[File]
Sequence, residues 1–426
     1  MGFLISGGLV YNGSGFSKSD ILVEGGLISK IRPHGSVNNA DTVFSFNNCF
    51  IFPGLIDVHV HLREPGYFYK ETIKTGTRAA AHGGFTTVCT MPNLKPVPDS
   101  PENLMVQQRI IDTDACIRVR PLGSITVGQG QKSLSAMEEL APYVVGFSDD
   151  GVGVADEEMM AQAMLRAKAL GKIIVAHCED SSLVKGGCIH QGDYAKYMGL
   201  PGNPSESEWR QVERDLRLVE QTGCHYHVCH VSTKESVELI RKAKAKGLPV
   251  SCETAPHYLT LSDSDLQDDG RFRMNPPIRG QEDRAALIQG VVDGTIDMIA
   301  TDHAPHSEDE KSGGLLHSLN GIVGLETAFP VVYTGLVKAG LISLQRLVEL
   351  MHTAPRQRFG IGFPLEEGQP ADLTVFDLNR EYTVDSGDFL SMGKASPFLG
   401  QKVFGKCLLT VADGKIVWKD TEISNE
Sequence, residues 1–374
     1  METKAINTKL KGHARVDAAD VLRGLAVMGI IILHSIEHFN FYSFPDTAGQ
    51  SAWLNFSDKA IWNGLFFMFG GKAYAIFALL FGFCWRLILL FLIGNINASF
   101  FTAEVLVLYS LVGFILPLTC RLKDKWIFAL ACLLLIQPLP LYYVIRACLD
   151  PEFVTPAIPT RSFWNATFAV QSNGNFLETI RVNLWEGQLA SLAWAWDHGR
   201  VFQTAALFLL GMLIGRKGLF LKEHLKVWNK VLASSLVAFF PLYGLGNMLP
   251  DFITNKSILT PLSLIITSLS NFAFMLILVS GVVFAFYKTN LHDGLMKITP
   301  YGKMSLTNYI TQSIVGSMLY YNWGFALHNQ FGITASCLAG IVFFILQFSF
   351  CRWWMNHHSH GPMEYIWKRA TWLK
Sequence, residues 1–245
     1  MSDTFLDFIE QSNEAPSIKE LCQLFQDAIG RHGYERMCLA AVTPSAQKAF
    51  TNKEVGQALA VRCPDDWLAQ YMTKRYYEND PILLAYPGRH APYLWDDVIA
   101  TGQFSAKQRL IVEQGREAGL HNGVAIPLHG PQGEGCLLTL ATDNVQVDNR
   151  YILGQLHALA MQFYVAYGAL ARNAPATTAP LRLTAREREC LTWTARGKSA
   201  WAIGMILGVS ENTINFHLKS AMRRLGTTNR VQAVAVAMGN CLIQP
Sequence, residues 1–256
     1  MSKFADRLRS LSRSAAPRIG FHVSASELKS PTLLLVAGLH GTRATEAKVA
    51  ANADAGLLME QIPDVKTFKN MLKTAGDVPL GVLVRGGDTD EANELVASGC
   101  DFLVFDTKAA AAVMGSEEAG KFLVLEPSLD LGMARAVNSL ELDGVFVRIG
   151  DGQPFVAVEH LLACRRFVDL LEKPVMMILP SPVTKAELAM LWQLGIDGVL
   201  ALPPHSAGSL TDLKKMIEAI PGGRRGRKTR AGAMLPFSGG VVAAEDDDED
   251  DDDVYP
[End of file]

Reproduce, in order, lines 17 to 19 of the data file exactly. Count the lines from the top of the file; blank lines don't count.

   251  DFITNKSILT PLSLIITSLS NFAFMLILVS GVVFAFYKTN LHDGLMKITP
   301  YGKMSLTNYI TQSIVGSMLY YNWGFALHNQ FGITASCLAG IVFFILQFSF
   351  CRWWMNHHSH GPMEYIWKRA TWLK